Training deployment a career highlight for first time flight crew

This article has photo gallery Published on LEUT Andrew Herring (author)

Topic(s): 816 Squadron, HMAS Perth (F157)

S-70B-2 Seahawk helicopter 'Tiger 80' from 816 Squadron on the flight deck of HMAS Perth with aviation technical sailors (from left) AB Steven Cuthbert, AB Barry Cruikshank, CPO Michael Wratten and AB Patrick Davis. (photo: LSIS Yuri Ramsey)
S-70B-2 Seahawk helicopter 'Tiger 80' from 816 Squadron on the flight deck of HMAS Perth with aviation technical sailors (from left) AB Steven Cuthbert, AB Barry Cruikshank, CPO Michael Wratten and AB Patrick Davis.

For four members of the Nowra-based 816 Squadron, deploying to sea as part of the flight embarked in the upgraded Anzac class frigate HMAS Perth will forever be a career highlight.

For three of the aircraft maintainers, this deployment is their first experience at sea, while for Chief Petty Officer Aviation Technician - Aircraft (CPOATA) Michael Wratten, it is his first time as Flight Senior Maintenance Supervisor, responsible for leading the aircraft maintenance team.

Able Seaman Aviation Technician – Aircraft (ABATA) Steven Cuthbert and Able Seamen Aviation Technicians – Avionics (ABATV) Patrick Davis and Barry Cruikshank had to complete more than two years’ training before being considered for a seagoing deployment.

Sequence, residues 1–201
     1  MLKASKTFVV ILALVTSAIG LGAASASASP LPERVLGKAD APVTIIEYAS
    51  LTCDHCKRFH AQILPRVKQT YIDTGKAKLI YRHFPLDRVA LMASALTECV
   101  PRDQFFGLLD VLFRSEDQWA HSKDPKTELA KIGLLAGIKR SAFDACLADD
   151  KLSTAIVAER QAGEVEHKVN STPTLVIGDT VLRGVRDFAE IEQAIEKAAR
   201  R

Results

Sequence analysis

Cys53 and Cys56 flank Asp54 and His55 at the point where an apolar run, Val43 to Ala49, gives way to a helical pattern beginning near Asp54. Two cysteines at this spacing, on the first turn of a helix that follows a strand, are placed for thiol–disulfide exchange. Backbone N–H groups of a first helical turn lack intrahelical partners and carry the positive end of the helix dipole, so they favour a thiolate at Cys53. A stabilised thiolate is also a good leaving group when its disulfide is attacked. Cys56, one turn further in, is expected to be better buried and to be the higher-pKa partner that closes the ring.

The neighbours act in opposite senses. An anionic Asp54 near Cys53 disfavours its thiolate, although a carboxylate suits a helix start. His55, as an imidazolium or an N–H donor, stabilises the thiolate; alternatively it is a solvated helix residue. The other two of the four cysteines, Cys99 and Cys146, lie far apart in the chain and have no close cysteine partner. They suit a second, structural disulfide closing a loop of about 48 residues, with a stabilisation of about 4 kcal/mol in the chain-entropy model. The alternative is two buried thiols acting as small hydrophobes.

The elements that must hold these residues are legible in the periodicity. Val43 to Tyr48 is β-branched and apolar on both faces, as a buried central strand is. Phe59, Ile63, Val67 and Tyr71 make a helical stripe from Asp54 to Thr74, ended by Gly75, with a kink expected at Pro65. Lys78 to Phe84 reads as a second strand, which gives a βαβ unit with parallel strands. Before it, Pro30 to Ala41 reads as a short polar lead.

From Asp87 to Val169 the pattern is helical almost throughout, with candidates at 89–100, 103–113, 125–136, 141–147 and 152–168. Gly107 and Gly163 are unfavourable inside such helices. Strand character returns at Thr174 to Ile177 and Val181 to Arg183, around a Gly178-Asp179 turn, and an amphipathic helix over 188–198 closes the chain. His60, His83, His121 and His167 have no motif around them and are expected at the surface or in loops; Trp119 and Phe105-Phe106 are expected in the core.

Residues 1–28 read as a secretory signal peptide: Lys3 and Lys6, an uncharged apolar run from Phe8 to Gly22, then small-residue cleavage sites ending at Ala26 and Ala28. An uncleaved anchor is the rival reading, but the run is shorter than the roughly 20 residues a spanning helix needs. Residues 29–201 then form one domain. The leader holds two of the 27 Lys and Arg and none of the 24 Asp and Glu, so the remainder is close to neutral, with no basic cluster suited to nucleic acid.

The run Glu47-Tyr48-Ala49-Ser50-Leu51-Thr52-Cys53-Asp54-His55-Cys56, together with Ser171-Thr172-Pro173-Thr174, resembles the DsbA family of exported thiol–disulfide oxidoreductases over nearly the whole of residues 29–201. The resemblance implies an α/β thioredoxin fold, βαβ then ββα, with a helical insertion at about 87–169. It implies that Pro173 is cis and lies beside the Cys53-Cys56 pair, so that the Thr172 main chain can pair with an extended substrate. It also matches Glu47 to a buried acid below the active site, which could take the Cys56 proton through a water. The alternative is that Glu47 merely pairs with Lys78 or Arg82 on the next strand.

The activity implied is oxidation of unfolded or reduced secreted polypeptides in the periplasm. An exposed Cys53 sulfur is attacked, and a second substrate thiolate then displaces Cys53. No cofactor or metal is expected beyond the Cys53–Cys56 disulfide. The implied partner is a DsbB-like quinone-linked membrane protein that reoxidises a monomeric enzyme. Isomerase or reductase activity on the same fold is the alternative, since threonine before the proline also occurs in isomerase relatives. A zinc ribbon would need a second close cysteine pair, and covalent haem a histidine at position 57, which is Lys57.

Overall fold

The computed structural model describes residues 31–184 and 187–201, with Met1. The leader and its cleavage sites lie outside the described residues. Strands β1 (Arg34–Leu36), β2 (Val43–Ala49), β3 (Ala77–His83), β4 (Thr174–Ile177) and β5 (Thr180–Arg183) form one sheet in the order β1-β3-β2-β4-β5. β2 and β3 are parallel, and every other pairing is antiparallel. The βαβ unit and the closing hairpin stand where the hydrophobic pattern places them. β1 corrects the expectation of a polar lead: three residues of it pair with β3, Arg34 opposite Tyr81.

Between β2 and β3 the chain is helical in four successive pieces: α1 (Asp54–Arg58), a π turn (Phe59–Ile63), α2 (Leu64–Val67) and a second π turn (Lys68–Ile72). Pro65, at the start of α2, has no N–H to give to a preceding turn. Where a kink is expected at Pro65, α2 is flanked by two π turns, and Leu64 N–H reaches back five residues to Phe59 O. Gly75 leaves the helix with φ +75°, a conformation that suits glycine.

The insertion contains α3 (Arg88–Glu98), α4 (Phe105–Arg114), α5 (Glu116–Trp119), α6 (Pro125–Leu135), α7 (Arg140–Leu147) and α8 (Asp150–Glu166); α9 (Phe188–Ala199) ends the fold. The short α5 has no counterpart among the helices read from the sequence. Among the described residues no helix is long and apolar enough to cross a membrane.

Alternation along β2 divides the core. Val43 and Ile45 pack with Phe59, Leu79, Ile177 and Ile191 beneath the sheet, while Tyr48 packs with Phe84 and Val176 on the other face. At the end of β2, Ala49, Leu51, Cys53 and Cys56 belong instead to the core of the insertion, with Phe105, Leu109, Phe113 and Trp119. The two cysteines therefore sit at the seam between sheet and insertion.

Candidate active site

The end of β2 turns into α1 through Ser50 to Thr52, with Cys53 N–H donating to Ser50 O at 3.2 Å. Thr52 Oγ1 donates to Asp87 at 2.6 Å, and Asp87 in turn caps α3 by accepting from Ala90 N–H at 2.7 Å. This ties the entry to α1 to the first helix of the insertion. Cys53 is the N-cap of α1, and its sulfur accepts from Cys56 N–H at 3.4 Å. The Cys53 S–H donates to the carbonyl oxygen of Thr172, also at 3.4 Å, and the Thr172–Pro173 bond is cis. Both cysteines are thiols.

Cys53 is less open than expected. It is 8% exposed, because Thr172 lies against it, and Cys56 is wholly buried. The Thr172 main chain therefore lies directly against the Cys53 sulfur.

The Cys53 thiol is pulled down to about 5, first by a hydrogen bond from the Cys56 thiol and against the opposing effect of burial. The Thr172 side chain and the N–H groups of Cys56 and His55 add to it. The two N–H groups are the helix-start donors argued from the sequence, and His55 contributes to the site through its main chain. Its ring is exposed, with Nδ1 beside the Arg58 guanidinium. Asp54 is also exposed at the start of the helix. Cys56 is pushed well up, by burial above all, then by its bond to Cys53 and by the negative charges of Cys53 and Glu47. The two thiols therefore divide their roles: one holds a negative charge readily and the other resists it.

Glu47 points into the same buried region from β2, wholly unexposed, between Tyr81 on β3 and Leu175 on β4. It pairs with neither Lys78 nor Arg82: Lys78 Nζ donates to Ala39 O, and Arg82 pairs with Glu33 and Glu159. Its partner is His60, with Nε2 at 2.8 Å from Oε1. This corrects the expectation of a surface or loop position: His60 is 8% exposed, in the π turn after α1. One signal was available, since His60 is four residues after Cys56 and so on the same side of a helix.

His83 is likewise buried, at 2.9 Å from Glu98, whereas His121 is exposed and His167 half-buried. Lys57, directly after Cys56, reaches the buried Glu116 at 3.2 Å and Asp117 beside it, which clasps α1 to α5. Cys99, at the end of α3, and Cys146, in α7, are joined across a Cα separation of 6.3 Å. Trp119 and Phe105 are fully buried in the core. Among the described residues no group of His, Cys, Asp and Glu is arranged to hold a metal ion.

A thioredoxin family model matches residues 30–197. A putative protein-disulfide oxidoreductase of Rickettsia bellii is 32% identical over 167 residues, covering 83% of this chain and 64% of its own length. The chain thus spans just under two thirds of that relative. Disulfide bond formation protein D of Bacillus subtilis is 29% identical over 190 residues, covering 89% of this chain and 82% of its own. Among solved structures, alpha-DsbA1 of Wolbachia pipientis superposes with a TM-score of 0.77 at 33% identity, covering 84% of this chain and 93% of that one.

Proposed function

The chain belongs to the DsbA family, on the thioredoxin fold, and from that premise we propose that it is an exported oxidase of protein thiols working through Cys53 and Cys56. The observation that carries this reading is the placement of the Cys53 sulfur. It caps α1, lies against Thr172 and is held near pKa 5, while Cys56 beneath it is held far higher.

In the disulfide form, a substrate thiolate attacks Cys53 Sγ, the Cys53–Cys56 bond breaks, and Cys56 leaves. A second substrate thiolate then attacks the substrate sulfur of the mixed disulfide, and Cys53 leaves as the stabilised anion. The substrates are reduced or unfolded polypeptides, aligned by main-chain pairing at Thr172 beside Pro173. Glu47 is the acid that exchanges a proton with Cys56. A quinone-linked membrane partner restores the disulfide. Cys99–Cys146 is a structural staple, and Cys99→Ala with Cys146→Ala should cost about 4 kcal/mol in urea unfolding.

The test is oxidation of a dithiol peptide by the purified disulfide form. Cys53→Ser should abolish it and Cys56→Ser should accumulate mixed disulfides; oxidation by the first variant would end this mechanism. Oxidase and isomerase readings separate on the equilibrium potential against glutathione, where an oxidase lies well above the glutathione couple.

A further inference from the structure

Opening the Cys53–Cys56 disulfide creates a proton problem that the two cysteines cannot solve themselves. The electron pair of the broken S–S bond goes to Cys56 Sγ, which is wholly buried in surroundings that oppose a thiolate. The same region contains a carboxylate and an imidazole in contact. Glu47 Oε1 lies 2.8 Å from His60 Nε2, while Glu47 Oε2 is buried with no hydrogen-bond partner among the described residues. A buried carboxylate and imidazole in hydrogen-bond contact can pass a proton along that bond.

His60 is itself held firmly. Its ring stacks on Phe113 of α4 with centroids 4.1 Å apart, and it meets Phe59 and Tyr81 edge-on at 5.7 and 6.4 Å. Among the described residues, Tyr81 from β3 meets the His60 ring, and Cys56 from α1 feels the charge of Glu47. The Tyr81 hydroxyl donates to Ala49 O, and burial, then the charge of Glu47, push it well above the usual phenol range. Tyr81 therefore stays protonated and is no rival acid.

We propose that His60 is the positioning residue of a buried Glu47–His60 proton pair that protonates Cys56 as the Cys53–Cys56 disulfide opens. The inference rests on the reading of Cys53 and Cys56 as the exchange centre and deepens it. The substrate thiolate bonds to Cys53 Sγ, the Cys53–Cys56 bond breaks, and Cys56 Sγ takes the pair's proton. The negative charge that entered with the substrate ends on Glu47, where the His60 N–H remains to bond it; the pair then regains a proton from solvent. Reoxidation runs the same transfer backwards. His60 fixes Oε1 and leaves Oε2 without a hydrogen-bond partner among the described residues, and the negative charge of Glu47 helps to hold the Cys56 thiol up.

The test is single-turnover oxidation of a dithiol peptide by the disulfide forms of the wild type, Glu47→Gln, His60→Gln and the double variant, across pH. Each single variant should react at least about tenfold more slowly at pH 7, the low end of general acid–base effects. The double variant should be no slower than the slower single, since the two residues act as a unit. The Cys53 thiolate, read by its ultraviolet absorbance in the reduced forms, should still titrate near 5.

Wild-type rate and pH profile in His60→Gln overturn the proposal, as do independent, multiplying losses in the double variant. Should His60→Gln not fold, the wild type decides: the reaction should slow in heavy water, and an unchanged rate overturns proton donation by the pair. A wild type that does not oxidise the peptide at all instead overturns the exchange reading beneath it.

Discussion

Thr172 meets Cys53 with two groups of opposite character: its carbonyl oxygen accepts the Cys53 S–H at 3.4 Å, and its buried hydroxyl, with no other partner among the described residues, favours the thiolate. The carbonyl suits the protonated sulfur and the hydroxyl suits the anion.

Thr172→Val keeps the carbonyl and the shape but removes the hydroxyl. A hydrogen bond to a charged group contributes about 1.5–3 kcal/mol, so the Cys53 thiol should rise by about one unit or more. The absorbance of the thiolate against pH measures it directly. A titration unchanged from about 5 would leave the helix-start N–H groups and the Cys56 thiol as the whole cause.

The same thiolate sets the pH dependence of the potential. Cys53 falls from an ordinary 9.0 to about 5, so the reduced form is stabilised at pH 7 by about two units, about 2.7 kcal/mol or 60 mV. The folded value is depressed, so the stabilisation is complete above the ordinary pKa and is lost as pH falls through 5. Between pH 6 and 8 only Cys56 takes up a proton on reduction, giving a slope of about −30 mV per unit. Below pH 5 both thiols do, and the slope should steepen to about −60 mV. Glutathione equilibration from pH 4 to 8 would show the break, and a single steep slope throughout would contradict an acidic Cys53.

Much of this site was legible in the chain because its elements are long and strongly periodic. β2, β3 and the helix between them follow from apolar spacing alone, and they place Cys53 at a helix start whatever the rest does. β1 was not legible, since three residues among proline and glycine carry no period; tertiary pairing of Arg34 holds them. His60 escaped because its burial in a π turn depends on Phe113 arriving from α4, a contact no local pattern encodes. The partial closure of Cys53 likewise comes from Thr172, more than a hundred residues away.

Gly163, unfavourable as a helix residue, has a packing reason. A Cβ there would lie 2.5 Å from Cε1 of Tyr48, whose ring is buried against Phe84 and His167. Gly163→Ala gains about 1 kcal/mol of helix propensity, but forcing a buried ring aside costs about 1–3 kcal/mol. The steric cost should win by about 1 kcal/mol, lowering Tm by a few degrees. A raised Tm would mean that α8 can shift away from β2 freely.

All three eagerly volunteered for the chance, but competition was tough. They had to be qualified as fully fledged tradespersons, meet individual readiness requirements and complete seagoing prerequisite training courses.

They were selected from around 15 volunteers as the best qualified, most prepared and highest performing technicians.

“I felt nervous and excited about the chance to come to sea.

“It’s different working and eating while the ship is moving but you get used to it. I haven’t been seasick yet.

“It was also impressive to see the aircraft landing on the deck while the ship was moving around,” Able Seaman Cruikshank said.

“We get trained for everything we need to know to live at sea during recruit training, but we just have to try to remember all the things we learned about communal living such as evening rounds and daily cleaning station duties,” Able Seaman Davis said.

Able Seaman Cuthbert agreed that adjusting to communal living has been one of the early lessons learned from the trip.

“It’s not hard, it’s just very different from what we’re used to ashore,” he said.

As well as maintaining their S-70B-2 Seahawk helicopter, these first-timers have been involved in whole-ship activities such as underway replenishments, when Perth receives fuel and stores from a replenishment ship.

For 18-year naval veteran Chief Petty Officer Michael Wratten, leading a Seahawk helicopter maintenance crew at sea is the natural next step in his career progression.

“Leadership at sea is more difficult than ashore, as I have to balance the needs of the flight with the rest of the ship.

“Every department impacts on the others, so it’s a 24 hour-a-day job working with people to coordinate what we’re doing so the whole team works,” Chief Wratten said.

As if earning their stripes at sea was not special enough, doing it while Perth is in a busy exercise environment has been an added bonus.

“I’ve served 18 years in the Navy, but I’ve never been in an exercise like this.

“Seeing the live gun firing, what’s happening in the operations room and how we’re working with other ships has been a real eye opener,” Chief Wratten said.

The training detachment returns to 816 Squadron at the Naval Air Station, HMAS Albatross in August.